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PP. Thanks for responding, but I think I've made up my mind based on subsequent responses. I still want to try the whitewater on the Chapleau in the future, though.

Brad, thanks for the reply. Two nights ago, I discovered a Youtube channel, Beauty of the Backcountry, and they had a series of posts on their trip on the Ranger Lake Loop last May. Like you said, it looked like the Nush was pretty much a bushwhack still at that time. Conversely, the Steel seems to be getting more traffic these days, so I think you are right about the ports around the logjams.

Jontario, lol, yep, pretty much memorized Callan's book. Just wish I had more time to do them all. Between that book and your channel's posts, I keep adding to my already lengthy bucket list. The Pic and Little Pic is up there on the list, too, but the shuttles are problematic for a guy from Peterborough going solo. So for this year, I will be trying the loop trips. The Marshall Lake Loop and the extended area east of it that you did is also intriguing...

Jonathan Kelly wrote:

The Steel route is still probably my favourite loop in the province and the Steel is still probably my favourite river. In terms of a mix of lakes and rivers, scenery, wildlife, fishing, whitewater (if desired) and being a loop the Steel is virtually a perfect route to me.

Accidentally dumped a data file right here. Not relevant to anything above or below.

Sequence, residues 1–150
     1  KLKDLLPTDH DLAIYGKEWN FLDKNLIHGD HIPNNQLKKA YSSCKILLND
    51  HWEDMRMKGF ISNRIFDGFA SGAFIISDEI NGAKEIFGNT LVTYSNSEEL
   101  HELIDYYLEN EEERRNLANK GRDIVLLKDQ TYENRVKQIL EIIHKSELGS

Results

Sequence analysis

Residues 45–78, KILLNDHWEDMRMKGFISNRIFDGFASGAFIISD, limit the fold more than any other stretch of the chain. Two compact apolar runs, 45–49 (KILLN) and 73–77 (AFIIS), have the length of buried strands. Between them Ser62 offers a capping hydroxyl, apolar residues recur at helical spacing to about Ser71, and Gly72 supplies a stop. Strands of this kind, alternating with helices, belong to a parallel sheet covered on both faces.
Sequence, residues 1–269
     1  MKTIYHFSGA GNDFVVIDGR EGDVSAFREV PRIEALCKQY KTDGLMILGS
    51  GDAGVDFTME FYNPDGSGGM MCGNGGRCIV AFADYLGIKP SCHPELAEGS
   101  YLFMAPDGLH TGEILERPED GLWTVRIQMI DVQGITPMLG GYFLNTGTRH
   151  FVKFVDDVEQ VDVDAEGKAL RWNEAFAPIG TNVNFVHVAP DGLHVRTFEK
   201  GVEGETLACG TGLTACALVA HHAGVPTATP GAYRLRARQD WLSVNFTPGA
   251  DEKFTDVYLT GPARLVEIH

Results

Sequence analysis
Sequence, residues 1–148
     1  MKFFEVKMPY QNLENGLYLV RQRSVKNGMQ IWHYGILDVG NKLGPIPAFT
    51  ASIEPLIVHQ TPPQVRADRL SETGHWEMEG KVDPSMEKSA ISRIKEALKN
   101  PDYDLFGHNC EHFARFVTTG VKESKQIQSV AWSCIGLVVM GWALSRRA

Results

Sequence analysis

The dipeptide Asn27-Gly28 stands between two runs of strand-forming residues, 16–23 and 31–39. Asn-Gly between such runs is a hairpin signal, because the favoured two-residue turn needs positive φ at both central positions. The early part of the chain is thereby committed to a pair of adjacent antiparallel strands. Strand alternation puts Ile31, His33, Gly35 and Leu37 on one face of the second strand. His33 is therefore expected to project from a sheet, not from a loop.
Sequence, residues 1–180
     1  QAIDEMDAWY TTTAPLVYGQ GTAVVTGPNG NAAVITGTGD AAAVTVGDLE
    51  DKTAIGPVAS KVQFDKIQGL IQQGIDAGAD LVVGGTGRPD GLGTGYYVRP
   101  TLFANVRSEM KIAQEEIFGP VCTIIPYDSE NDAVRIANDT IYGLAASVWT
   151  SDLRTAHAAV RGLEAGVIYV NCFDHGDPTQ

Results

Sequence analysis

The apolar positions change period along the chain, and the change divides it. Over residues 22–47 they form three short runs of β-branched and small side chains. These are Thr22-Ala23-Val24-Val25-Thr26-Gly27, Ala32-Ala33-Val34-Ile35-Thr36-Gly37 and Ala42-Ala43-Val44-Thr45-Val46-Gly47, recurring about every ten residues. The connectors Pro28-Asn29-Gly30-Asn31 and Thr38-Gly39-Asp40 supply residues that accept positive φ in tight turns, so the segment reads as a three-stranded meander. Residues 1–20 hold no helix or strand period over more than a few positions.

High praise from a guy who has pretty much paddled most of Ontario! I think I'm sold. The Steel it is!

Final question...Diablo or the three ports to the north through Pike and Little Diablo? (Xander seemed to make short work of Diablo!) Part of me wants to try Diablo, oddly enough. It seems to be a right of passage to do Diablo on the Steel, (you know, earn your stripes kinda thing) but the rocky, fern-covered bit at the end is daunting for an old fart in his fifties travelling solo. Also, I'm thinking of starting the loop from the north if the roads in to Eaglecrest are construction free. This would help me avoid the likely possibility of the horrible winds on Santoy and make the three northern ports more accessible when emerging from the river at the beach campsite.

Thanks for chiming in, Jon. I've watched your series on each trip and was hoping you'd give a final assessment. Frankly, I was surprised that you rated the Algoma Headwaters so low given all of your incredible fishing success there, but then again, you have done some pretty amazing trips since you were there.

CD

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Last edited by Canoe Daddy on December 7th, 2022, 4:53 pm, edited 1 time in total.

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PostPosted: December 6th, 2022, 9:14 pm 
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Diablo--better with a solo than a tandem canoe.

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PostPosted: December 7th, 2022, 4:52 pm